2033         turned  out to be anchored by virtue of its contents, it cannot be made         turned out to be anchored by virtue of its contents, it cannot be  made
2034         unachored at matching time.         unachored at matching time.
2035    
2036             PCRE_BSR_ANYCRLF
2037             PCRE_BSR_UNICODE
2038    
2039           These options (which are mutually exclusive) control what the \R escape
2040           sequence matches. The choice is either to match only CR, LF,  or  CRLF,
2041           or  to  match  any Unicode newline sequence. These options override the
2042           choice that was made or defaulted when the pattern was compiled.
2043    
2044           PCRE_NEWLINE_CR           PCRE_NEWLINE_CR
2045           PCRE_NEWLINE_LF           PCRE_NEWLINE_LF
2046           PCRE_NEWLINE_CRLF           PCRE_NEWLINE_CRLF
# Line 1812  MATCHING A PATTERN: THE TRADITIONAL FUNC Line 2052  MATCHING A PATTERN: THE TRADITIONAL FUNC
2052         tion of pcre_compile()  above.  During  matching,  the  newline  choice         tion of pcre_compile()  above.  During  matching,  the  newline  choice
2053         affects  the  behaviour  of the dot, circumflex, and dollar metacharac-         affects  the  behaviour  of the dot, circumflex, and dollar metacharac-
2054         ters. It may also alter the way the match position is advanced after  a         ters. It may also alter the way the match position is advanced after  a
2055         match  failure  for  an  unanchored  pattern.  When  PCRE_NEWLINE_CRLF,         match failure for an unanchored pattern.
2056         PCRE_NEWLINE_ANYCRLF, or PCRE_NEWLINE_ANY is set, and a  match  attempt  
2057         fails  when the current position is at a CRLF sequence, the match posi-         When  PCRE_NEWLINE_CRLF,  PCRE_NEWLINE_ANYCRLF,  or PCRE_NEWLINE_ANY is
2058         tion is advanced by two characters instead of one, in other  words,  to         set, and a match attempt for an unanchored pattern fails when the  cur-
2059         after the CRLF.         rent  position  is  at  a  CRLF  sequence,  and the pattern contains no
2060           explicit matches for  CR  or  LF  characters,  the  match  position  is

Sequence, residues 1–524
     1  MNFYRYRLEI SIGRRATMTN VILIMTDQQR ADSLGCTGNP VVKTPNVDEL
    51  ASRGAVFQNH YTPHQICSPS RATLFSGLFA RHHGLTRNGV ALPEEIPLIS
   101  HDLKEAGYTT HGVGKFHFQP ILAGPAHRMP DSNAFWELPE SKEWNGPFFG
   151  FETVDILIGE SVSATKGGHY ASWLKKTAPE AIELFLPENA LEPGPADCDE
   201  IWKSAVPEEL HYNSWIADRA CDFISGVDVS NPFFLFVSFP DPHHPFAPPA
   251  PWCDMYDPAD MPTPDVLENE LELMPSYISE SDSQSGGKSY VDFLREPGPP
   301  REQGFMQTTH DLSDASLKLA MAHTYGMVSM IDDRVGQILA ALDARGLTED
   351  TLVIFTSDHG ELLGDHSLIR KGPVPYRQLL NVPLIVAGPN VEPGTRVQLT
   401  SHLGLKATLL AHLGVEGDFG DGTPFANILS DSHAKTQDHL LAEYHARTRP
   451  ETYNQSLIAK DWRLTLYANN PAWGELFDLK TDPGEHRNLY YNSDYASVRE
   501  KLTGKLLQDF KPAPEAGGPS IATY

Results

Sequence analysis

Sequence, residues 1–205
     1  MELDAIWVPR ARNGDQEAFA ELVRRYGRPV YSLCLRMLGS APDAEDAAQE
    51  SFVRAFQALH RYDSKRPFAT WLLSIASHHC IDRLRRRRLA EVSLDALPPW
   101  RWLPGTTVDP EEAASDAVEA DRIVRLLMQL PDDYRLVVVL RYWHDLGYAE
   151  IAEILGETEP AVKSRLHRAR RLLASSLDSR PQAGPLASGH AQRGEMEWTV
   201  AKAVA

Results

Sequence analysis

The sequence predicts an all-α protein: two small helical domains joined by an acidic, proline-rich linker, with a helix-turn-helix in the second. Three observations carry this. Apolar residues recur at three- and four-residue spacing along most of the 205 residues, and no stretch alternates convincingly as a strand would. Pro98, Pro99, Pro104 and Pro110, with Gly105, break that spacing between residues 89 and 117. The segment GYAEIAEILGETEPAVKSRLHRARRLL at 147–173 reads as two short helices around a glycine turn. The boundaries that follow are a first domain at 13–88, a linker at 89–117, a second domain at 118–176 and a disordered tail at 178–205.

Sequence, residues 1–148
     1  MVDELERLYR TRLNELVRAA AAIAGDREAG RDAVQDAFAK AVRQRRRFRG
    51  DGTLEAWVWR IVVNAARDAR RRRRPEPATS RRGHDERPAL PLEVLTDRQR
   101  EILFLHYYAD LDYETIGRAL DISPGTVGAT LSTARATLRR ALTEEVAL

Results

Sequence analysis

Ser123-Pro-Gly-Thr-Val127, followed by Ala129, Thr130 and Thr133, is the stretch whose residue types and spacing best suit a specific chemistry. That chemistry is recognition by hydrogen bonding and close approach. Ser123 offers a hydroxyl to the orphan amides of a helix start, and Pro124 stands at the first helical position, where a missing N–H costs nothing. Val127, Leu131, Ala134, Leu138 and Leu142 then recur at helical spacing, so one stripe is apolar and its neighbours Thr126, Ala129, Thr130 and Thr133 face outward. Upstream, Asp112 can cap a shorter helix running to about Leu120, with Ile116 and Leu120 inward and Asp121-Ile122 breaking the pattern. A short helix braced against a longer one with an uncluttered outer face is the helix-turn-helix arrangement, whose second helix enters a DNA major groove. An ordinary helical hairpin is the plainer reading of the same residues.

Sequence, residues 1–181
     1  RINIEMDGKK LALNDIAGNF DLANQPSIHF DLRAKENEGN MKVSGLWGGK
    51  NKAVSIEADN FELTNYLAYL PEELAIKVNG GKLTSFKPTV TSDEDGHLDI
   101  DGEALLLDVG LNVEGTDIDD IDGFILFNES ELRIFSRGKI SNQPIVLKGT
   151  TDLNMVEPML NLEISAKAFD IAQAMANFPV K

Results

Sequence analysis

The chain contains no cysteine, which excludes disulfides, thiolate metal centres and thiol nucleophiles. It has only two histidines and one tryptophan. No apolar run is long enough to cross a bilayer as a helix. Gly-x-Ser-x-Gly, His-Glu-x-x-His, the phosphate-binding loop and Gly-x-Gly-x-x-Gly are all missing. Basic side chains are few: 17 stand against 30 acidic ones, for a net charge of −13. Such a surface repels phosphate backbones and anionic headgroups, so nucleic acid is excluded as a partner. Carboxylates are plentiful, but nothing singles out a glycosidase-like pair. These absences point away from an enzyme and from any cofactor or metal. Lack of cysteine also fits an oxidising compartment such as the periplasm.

2061           advanced by two characters instead of one, in other words, to after the
2062           CRLF.
2063    
2064           The above rule is a compromise that makes the most common cases work as
2065           expected.  For  example,  if  the  pattern  is .+A (and the PCRE_DOTALL
2066           option is not set), it does not match the string "\r\nA" because, after
2067           failing  at the start, it skips both the CR and the LF before retrying.
2068           However, the pattern [\r\n]A does match that string,  because  it  con-
2069           tains an explicit CR or LF reference, and so advances only by one char-
2070           acter after the first failure.
2071    
2072           An explicit match for CR of LF is either a literal appearance of one of
2073           those  characters,  or  one  of the \r or \n escape sequences. Implicit
2074           matches such as [^X] do not count, nor does \s (which includes  CR  and
2075           LF in the characters that it matches).
2076    
2077           Notwithstanding  the above, anomalous effects may still occur when CRLF
2078           is a valid newline sequence and explicit \r or \n escapes appear in the
2079           pattern.
2080    
2081           PCRE_NOTBOL           PCRE_NOTBOL
2082    
# Line 1844  MATCHING A PATTERN: THE TRADITIONAL FUNC Line 2104  MATCHING A PATTERN: THE TRADITIONAL FUNC
2104    
2105           a?b?           a?b?
2106    
2107         is  applied  to  a string not beginning with "a" or "b", it matches the         is  applied  to  a  string not beginning with "a" or "b", it matches an
2108         empty string at the start of the subject. With PCRE_NOTEMPTY set,  this         empty string at the start of the subject. With PCRE_NOTEMPTY set,  this
2109         match is not valid, so PCRE searches further into the string for occur-         match is not valid, so PCRE searches further into the string for occur-
2110         rences of "a" or "b".         rences of "a" or "b".
2111    
2112         Perl has no direct equivalent of PCRE_NOTEMPTY, but it does make a spe-           PCRE_NOTEMPTY_ATSTART
2113         cial  case  of  a  pattern match of the empty string within its split()  
2114         function, and when using the /g modifier. It  is  possible  to  emulate         This is like PCRE_NOTEMPTY, except that an empty string match  that  is
2115         Perl's behaviour after matching a null string by first trying the match         not  at  the  start  of  the  subject  is  permitted. If the pattern is